4. Shampoo and ConditionerShampoo and conditioner. If you work out every day, it could mean that you are taking two or more showers every day. If possible, try to schedule your workout close to the time you would be showering anyway, so you don't end up drying out your hair and skin from overwashing. If you are washing your hair more than once a day, it's very important to choose a shampoo that is gentle or you'll be stripping your hair of all its natural oils and dulling its color, especially if you have naturally dry hair. Using a good conditioner will help your hair retain moisture and will not dry it out from the frequent washing. Even though it's more convenient, try not to use two-in-one shampoo-conditioner combos. The conditioner is usually washed out with the shampoo and is not nearly as effective as when conditioner is applied separately. As with body wash, it's good to try finding shampoo that is free of artificial fragrances, parabens, and sulfates. It may be hard to find shampoo without sulfates on a typical supermarket shelf and even harder to find one at a low price. You may have to look in a professional beauty supply store or a store that sells natural products. If you use gel, mousse, pomade, or a similar product in your hair, you might treat yourself to a clarifying shampoo once a week—it's formulated to be more astringent than your daily shampoo and will strip out the buildup from other products.

  5. Baby PowderBody powder. Body powder is great for absorbing moisture and preventing chafing. It's important to look for talc-free body powder though, as there has been some evidence that talc can contain impurities, including heavy metals, which can be carcinogenic. Talc can also be inhaled and cause lung problems. If you want to spend extra money for "medicated" foot powder, it won't harm your feet, but, generally, it's just regular powder infused with a little camphor or menthol to give you a cool, tingly feeling—it usually doesn't contain any active ingredients or medications to prevent athlete's foot or fungal infections. Tea tree oil is an ingredient, on the other hand (or foot), that has been shown to have some moderate antibacterial properties, in addition to having that menthol-like cool feeling. But the best thing you can do for your feet is to change your socks frequently and invest in decent socks and shoes, as Steve Edwards discusses in the article below.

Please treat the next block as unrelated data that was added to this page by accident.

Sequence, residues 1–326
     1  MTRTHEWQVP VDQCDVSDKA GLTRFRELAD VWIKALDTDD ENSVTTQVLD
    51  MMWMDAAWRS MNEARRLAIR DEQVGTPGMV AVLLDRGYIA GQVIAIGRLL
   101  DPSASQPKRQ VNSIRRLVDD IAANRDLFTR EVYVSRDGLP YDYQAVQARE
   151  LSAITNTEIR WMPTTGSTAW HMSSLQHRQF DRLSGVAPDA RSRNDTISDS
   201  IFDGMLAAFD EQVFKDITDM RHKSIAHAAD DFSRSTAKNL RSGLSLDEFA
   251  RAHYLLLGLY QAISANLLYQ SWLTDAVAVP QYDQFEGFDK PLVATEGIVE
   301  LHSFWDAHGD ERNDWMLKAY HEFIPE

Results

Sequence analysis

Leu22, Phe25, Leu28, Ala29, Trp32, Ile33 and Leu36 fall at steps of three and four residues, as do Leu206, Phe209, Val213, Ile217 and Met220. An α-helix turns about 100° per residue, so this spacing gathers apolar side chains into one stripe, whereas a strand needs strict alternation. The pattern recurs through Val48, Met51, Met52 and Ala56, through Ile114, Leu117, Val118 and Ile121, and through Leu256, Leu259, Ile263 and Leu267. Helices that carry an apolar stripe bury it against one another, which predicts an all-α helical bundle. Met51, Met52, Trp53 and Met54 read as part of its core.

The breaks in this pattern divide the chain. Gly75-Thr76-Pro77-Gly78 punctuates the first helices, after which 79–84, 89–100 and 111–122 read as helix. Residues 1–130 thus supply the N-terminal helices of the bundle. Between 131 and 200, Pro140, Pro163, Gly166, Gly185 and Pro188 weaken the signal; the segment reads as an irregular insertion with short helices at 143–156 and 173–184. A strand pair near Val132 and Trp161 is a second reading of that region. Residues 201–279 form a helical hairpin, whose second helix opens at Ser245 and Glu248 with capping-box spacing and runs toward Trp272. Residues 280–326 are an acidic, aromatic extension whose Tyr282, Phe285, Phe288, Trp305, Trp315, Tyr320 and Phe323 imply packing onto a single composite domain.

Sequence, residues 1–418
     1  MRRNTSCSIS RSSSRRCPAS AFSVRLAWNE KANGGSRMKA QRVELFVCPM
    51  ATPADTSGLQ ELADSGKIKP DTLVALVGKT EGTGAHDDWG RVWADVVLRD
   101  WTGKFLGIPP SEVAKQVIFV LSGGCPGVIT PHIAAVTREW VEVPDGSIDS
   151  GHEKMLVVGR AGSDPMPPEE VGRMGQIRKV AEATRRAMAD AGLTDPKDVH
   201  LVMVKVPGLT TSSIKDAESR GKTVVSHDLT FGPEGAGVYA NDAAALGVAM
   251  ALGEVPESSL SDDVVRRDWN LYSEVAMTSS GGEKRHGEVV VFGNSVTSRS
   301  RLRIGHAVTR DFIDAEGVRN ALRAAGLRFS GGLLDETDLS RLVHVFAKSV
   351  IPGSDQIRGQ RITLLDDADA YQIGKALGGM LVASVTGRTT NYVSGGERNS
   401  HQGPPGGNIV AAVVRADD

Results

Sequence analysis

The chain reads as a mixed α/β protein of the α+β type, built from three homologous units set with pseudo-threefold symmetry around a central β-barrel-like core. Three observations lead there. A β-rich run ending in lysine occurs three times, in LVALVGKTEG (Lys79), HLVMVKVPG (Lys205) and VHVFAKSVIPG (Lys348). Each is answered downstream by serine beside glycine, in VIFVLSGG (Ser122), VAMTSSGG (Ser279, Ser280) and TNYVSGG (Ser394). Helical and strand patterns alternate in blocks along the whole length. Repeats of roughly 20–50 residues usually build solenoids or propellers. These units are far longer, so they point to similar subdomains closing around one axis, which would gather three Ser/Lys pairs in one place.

6. Applying LotionMoisturizer, lotion, and sunscreen. After you've been sweating and showering, it's very easy for your skin to get dry, as a lot of your natural oils have been washed down the drain or sweated off onto your workout floor. Like with body wash and shampoo, try finding products free of fragrance and parabens. Also, don't buy products that contain mineral oil or petroleum. Both of these will clog your pores and can trap sweat and dirt, causing acne. For your face, you should also try to use a moisturizer that contains sunscreen with an SPF of at least 15. If you're working out outside, make sure your sunscreen is broad-spectrum in addition to having a high SPF. It should protect against both UVB rays, which cause superficial sunburn and skin discoloration, and UVA rays, which penetrate deeper into the skin, accelerating aging and causing skin cancer. Make sure you don't forget your ears and the back of your neck when applying sunscreen as they are prime real estate for skin cancer. Don't forget your lips, either—try to use a lip balm with an SPF 15 or higher to avoid drying and burning.

  7. ShavingShaving. The shower is a great place to shave for men and women because the steam opens up the pores, making it less of a struggle to remove unwanted hair. Giving the area to be shaved a good scrubbing beforehand to exfoliate the skin will help prevent ingrown hairs. That and keeping the skin warm and moist means you won't clog the razor with dead skin. But you'll still be scraping a sharp metal blade against your poor skin, so you'll want to use a shaving cream or gel that contains moisturizers to lubricate the area, and is free of irritating additives like fragrance, sulfates, and parabens. Shaving cream designed for men or women is really only a marketing ploy. There's no real difference except maybe in fragrance, which you don't want anyway. Razors, on the other hand, are designed to shave different parts of the body more effectively, so you may want to experiment with different kinds. Men and women probably shouldn't share razors because men's hair tends to dull the blades more than women's, and dull blades equal sharp cuts. You should try shaving against the direction of the hair growth for best results or with the grain of the skin for less irritation. After shaving, make sure to use some balm or moisturizer on the area, since you've taken off all the natural oil with the hair. Alcohol-based aftershaves may feel bracing, but, really, they're just going to irritate your scraped-up skin.